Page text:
Three officers were disciplined as a result of the incident. But the officers only received short suspensions or administrative leave, due only to their comments caught on camera rather than their brutality. A GoFundMe for the police involved raised $20,000 before it was removed by the site.
Mayor uses community violence to justify more policing
The Mayor and other government officials are using an increase of gun deaths in Providence to justify pouring even more money into the police. $2.8 million will be spent on a new police barracks which will be used to add 50 more officers to the force.
Elorza recently said he would consider bringing in Rhode Island State Police to “help” with the rise of violent crime in Providence. “We need all the help and all the resources,” he said. “We are never going to turn that down.” State Police were used in the summer of 2020 to violently suppress the uprisings in Providence after the murder of George Floyd.
If funding isn’t flowing to the police themselves, it goes to nonprofits such as the Nonviolence Institute. The Behind The Walls Committee wrote an open letter to the Institute in June criticizing its collaboration with police and misuse of the $500,000 it received from Brown University and the Rhode Island Foundation.
The money was awarded after the May 13 Carolina Avenue shooting, the largest shooting in Providence history. None of the families of the nine victims from that night have received money for legal or medical expenses. Behind The Walls protested the Institute’s discriminatory policy that refused to give the families money because the incident was gang-related.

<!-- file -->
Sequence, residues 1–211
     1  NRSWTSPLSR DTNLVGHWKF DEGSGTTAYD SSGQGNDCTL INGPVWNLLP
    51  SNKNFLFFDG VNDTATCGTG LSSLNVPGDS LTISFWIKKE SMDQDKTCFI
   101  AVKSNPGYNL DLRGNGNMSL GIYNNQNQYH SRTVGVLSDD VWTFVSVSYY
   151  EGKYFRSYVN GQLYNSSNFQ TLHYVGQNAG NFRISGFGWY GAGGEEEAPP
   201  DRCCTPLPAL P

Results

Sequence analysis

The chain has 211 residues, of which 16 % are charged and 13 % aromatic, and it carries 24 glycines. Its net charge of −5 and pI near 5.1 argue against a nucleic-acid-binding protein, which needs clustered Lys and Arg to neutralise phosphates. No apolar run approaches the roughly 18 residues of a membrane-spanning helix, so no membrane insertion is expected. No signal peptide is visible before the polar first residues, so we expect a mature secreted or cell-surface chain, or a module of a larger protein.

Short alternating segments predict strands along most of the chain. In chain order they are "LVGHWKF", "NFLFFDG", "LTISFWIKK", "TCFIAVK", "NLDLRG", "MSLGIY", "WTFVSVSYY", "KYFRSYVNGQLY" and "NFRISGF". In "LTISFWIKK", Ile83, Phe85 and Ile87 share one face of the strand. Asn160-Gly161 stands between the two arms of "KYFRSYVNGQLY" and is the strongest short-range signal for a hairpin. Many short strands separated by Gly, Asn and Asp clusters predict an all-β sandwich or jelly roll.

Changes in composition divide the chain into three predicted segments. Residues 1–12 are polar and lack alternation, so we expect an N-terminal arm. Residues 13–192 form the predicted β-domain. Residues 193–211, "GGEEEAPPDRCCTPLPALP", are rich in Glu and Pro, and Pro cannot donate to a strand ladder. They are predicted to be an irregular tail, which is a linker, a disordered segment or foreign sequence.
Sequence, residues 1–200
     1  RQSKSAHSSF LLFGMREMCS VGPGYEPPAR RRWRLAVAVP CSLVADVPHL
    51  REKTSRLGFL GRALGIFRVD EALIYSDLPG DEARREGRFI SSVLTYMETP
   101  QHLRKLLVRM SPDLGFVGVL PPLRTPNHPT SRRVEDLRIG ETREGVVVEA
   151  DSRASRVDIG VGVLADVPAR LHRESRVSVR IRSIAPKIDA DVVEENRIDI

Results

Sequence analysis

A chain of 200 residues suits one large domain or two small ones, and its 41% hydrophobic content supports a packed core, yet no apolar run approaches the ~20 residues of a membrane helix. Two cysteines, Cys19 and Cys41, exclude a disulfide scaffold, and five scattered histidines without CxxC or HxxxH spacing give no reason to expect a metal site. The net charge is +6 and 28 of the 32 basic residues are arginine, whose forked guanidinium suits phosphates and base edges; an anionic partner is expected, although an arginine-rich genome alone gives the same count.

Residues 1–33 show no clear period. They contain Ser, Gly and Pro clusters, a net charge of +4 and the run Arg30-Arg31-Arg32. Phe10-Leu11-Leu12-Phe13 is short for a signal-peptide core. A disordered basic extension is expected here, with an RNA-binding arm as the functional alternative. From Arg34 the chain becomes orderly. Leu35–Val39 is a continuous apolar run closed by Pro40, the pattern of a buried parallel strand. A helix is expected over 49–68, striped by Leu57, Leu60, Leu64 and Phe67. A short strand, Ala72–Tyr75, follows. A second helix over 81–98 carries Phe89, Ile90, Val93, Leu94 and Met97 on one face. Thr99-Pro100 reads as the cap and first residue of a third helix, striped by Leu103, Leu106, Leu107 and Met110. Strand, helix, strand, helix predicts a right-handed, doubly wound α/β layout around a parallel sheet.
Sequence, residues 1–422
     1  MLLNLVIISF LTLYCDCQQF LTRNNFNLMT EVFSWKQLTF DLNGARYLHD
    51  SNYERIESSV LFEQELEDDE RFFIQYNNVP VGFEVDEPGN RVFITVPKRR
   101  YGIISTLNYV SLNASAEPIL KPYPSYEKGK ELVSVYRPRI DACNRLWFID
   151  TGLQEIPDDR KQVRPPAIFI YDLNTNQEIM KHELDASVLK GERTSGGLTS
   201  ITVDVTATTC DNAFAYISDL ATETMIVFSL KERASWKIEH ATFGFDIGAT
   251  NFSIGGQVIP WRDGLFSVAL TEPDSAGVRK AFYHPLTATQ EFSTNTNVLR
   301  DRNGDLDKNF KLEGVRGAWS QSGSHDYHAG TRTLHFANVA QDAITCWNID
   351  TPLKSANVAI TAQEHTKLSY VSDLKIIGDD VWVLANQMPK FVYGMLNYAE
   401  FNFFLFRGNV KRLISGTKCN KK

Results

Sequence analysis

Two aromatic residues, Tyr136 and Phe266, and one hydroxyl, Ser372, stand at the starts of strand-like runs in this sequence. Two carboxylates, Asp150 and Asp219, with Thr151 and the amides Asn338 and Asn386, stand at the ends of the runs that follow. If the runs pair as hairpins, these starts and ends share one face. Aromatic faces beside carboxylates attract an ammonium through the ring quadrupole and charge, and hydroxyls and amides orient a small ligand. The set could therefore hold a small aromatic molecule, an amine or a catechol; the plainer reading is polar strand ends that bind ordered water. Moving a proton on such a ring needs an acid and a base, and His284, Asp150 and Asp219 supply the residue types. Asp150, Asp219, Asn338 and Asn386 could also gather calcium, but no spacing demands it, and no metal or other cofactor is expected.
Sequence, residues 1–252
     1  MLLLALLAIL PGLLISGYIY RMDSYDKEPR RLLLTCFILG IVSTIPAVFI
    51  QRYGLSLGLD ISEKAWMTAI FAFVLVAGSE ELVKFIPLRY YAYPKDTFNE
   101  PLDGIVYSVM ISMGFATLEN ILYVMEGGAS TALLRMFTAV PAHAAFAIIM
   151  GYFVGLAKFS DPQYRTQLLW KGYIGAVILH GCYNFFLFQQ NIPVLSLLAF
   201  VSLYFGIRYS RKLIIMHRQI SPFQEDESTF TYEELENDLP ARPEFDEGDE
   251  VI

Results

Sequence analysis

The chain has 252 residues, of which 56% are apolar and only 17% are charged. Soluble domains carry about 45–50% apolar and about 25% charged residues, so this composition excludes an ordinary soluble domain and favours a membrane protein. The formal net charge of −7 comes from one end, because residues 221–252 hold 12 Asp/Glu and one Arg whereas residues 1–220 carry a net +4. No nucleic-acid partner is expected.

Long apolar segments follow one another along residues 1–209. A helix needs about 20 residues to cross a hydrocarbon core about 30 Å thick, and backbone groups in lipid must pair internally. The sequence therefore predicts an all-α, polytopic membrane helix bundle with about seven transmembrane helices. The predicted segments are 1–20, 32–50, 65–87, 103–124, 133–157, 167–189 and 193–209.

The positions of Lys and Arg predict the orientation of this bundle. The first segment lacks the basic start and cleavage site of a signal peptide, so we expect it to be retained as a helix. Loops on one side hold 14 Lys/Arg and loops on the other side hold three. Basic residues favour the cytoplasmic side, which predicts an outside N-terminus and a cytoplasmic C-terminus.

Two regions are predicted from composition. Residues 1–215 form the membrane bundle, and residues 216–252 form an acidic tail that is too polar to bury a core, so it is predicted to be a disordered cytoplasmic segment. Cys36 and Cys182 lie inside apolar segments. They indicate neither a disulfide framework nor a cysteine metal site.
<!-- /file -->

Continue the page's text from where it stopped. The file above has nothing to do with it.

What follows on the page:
A history of police violence
Mainstream media outlets like the Providence Journal have written about what might be a “hot summer” due to the high number of gun deaths in the city this year. The violence they refuse to highlight is that of the police against working people.
Thirty-four-year-old Joseph Ventre died in police custody in May of this year. Two more children of color were severely beaten by police the week of July 12. Jhamal Gonsalves was hit by a Providence Police cruiser while driving his moped in October of 2020. The crash put Gonsalves in a coma and sparked public outrage and protests.
Yet the media narrative supports increased police funding.
The people of Providence demand: defund the police!